Converging evidence, conflicting evidence, and no evidence at all:
On the combination of corpus linguistics with other methods
(Sat 29th May, 1.45 - 3.15 pm)
This panel discussion will address the issue of combining corpus-linguistic methods with other modes of linguistic inquiry, such as psycho-linguistic experimentation, analysis of survey data, or qualitative analysis of discourse in interaction. Generally, such combinations seem highly desirable – if the same question can be addressed from two different angles, the results of one strand of research can be strengthened through converging evidence from a second one. However, as this panel will discuss, there’s trouble in paradise.
Interdisciplinary, multi-method research undoubtedly holds a lot of potential, but the excitement for this type of research needs to be curbed by a critical assessment of its problems and pitfalls. An issue that has been largely absent from previous discussions but will be taken up by the panel is the question of how to deal with results that do not match up. A corpus analysis may support conclusions that are not replicated in an experiment; a survey analysis may suggest an interpretation that is not corroborated by corpus data, etc.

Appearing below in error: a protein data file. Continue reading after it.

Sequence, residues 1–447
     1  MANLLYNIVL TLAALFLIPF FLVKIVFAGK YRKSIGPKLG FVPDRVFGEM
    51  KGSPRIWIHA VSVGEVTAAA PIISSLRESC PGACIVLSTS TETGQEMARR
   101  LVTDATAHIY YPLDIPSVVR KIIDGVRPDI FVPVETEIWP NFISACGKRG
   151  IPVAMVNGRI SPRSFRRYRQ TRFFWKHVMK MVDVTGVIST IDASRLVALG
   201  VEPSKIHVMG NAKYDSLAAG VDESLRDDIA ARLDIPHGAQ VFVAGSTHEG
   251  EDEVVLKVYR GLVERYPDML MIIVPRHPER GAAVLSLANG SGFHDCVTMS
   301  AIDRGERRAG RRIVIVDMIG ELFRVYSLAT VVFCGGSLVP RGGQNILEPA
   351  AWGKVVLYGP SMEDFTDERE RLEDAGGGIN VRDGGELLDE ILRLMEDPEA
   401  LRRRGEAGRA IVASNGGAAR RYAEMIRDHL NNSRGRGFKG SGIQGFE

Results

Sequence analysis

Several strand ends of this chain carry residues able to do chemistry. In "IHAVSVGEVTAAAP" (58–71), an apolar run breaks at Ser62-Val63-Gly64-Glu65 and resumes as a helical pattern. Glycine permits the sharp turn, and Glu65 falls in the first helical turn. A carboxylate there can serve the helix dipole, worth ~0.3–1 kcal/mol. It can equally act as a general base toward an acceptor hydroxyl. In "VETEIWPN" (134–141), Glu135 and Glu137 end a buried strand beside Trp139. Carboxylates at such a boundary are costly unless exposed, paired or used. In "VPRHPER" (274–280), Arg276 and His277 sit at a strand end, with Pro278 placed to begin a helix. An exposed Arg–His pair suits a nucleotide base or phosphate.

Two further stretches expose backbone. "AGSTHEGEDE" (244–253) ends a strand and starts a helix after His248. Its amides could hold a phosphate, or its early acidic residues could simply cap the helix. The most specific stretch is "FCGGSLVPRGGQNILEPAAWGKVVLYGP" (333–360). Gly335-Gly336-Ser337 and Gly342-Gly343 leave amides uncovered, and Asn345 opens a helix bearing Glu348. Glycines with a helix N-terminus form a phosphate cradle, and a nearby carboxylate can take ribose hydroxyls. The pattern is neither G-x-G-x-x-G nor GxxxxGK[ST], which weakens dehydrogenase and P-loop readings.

Conflicting evidence is not easily interpretable because it can result from different causes. One possibility for it to arise is when either one or both of two conflicting studies are intrinsically flawed. Another, perhaps more common scenario is that studies with different methodological backgrounds measure different phenomena, rather than the same phenomenon. Such studies produce evidence that appears to be conflicting, when in fact the respective results do not speak to each other at all.
If multi-method research involving corpora is to live up to its qualities, there have to be guidelines to assess whether two studies yield converging evidence, conflicting evidence, or no evidence at all. Leading questions for the panelists and the general audience will hence be the following (any other questions relating to the general topic will be happily accommodated):
- In what parts of your research were you faced with conflicting evidence?
- How did you resolve the situation?
- How do we ensure that different methods measure the same phenomenon?
- Can we achieve robust cross-validation of corpus studies with other methods?
- Shouldn’t we be more interested in cross-falsification, rather than -validation?
Stefan Gries, Santa Barbara
Gaetanelle Gilquin, Louvain
Martin Hilpert, Freiburg
Benedikt Szmrecsanyi, Freiburg
Christoph Rühlemann, München